For example, if the market is doing well, you might get overconfident, underestimate risk, and make decisions that cost you big. On the flipside, if the market does poorly (like the twelve-month roller coaster ride that was 2020), it’s quite easy to succumb to fear and try to either “catch a falling knife” (mistime a purchase when waiting for the lowest price) or tuck your money away in safe bonds that won’t see any benefit of market rebounding.
No matter what the market looks like, keep your cool. Accept that not every investment will be a winner, and that’s alright. Keep your emotions out of the game. If you have a well-balanced portfolio, you’ll be able to insulate your portfolio against losses across the board.
DO Plan for a Long Retirement
To be blunt, a lot of Americans want to retire at age 67 because the Medicare enrollment age is 65. There are two problems with that:
- Today’s life expectancy makes 65 a purely arbitrary number
- Americans hope to retire at 67 without accounting for longer lives
In 1965, when Medicare began, the average life expectancy was 70.11 years. That meant the average American in average health retiring at 65 could expect to live roughly another five years. In 2020, the average life expectancy is 78.81 years. That means, on average, an American in good health retiring at 65 needs their retirement savings to last almost three times as long. And that’s just the average—many Americans live well into their eighties and nineties.
Unless you hit your sixties in frail health, you should retire at 65 with enough money to carry you for at least 25 years (your 90th birthday), and that’s assuming you aren’t going to leave anything to your children. Ideally, you should try to keep working for as long as you can, but this isn’t possible for everyone, so you should plan on having retirement savings that carry you 25 years.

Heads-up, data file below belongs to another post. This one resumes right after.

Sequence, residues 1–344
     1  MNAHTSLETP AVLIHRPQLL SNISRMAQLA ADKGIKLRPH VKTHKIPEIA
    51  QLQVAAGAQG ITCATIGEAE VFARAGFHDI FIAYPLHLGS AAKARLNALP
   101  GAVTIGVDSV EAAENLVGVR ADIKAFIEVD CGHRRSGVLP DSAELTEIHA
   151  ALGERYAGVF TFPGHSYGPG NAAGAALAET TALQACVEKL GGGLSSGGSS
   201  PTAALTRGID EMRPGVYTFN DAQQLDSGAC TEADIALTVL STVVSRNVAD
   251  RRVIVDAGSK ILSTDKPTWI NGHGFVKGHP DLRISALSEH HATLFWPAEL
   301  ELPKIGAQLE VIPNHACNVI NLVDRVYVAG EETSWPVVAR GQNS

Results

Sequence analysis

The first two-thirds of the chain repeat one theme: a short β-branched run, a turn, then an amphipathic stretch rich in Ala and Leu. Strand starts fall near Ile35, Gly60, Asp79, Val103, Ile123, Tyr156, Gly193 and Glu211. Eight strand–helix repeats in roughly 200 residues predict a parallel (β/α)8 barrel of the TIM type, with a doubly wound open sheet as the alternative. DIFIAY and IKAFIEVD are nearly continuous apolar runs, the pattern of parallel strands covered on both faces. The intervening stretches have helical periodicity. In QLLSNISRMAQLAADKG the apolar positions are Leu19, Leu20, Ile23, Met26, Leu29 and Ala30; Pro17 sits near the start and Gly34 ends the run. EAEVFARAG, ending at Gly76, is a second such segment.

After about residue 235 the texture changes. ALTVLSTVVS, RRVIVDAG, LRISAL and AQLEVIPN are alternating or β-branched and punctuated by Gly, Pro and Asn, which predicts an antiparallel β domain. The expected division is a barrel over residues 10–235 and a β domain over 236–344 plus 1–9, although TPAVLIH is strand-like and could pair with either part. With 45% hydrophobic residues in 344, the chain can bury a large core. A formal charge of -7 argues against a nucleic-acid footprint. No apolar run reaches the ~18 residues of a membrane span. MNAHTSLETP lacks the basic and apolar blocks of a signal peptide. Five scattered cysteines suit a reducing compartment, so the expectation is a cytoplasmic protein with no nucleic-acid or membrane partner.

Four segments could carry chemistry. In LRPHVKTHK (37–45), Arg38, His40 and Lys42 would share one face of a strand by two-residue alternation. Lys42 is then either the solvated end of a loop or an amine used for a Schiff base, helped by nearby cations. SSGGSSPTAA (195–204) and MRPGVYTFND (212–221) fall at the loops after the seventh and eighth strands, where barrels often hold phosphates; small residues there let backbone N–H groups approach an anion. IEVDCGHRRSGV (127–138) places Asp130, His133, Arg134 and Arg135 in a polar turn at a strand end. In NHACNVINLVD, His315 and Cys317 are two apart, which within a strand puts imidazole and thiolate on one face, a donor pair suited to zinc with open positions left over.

DON’T Invest the Same Way Throughout Your Life
Investment is a lifelong process, but the way you invest at 21 is radically different from how you invest at 61—or even 41 or 31, for that matter.
If you’re investing primarily for retirement, then you’re operating on a timeline to grow your wealth. However, your life changes throughout that time period, and your investments should reflect your changing life situation and your investment goals as you approach retirement.
In basic terms, your investment strategy by age should be as risky as you can stomach while you’re young. This gives you the best chance for growth, but if you invest in a loser, you’ll have time to recover your losses. As you age, acquire more life responsibilities (kids and a mortgage, for instance), and approach your retirement age, you’ll shift your contributions, but in general, your strategy should slowly taper down on risk as you approach your retirement age.
Let’s Bolster Your Retirement Investing
Retirement investing is an art and a science. This list isn’t all inclusive, but it’s a great place to get started. After that, try to keep learning as much as you can, invest in things that matter to you, and be aggressive about prioritizing your financial health.